Over the weekend I was glancing over Janet Malcolm’s great book-length description of Chekhov’s artistry, Reading Chekhov: A Critical Journey. Looks terrific; will say more later.
Wanted to add some other favorite booklength bits of criticism. (Actually I will add titles as I think of them).
Besides the Janet Malcolm book, I would add Kafka’s Other Trial by Elias Canetti, Stranger Shores by my writing teacher J.M. Coetzee (basically reprints of his NYROB essays), Milan Kundera’s Art of the Novel, anything by Roger Shattuck (but especially Forbidden Knowledge), Seven Nights by Borges, Hugging the Shore by Updike (now with volume 2), anything by Sven Birkerts (I enjoyed Gutenberg Elegies), Edmund White’s Monograph on Proust, Irving Howe’s Politics and the Novel, Roland Barthes’ Sade/Fourier/Loyola (with generous excerpts in Susan Sontag’s Barthes Anthology). Just for oddity’s sake (and at Updike’s suggestion), I’ll throw in Nabokov’s Literary Lectures at Cornell (in several volumes), Stanley Cavell’s World Viewed (which is film criticism, not lit crit), Eliseo Vivas’ Creativity and Discovery and probably his other works as well. Although it belongs in its own category, I’ve also enjoyed the literary reference guides by Martin Seymour-Smith, including Who’s Who in 20th Century Literature.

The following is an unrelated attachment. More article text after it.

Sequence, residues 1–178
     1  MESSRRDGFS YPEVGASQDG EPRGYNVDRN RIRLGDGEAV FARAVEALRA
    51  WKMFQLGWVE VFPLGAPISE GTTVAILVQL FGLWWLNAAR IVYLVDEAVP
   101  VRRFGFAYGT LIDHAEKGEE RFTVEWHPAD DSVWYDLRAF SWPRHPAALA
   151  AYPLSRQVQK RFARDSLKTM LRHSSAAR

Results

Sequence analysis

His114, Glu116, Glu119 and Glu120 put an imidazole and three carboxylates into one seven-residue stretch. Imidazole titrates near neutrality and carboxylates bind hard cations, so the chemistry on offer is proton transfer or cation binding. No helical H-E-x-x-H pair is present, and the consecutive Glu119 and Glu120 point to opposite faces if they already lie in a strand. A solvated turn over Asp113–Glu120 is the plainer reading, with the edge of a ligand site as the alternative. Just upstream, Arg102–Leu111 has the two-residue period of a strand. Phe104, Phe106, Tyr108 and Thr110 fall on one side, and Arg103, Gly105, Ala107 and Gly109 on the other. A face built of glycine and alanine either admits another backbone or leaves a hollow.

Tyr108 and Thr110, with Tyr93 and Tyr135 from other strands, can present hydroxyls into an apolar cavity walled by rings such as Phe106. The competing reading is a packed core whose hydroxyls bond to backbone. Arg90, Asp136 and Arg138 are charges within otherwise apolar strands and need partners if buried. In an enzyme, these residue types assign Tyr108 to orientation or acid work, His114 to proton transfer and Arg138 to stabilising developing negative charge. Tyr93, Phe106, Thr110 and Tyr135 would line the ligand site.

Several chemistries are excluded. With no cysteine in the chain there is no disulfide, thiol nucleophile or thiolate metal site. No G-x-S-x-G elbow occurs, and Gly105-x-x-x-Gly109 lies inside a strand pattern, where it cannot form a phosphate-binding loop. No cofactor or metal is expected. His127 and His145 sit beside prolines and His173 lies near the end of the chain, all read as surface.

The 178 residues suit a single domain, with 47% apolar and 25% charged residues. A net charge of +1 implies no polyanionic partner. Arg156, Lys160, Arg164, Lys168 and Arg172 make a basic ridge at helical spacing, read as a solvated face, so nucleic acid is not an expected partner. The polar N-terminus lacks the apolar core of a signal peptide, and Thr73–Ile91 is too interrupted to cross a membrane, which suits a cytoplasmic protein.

A few thing should be clear from these titles: 1)I was never really into British or even American literature, 2) I was deeply affected by existentialism at an early age; I read all the major works by Dostoevsky by the age of 18, 3)I like criticism by other writers or by noncritics. I may enjoy the occasional essay by Northrup Frye or Stanley Fish, but I don’t find them interesting enough for books, 4)judging by the titles, my tastes seem awfully Eurocentric. That is surprising to me, because I always considered myself interested in Eastern literature, and I cannot think of a single work by an Eastern writer on criticism. By the way, here’s a list of all the books I currently own (a few months old) and some favorite novels. I just looked at this booklist and realized that I do in fact possess a copy of the Vivas book; it’s packed in Box Number 1, to be exact. Oh, how I love Save As HTML.
I know I’m forgetting a lot of works, but these were my favorites, especially the Canetti book. Feel free to recommend your own!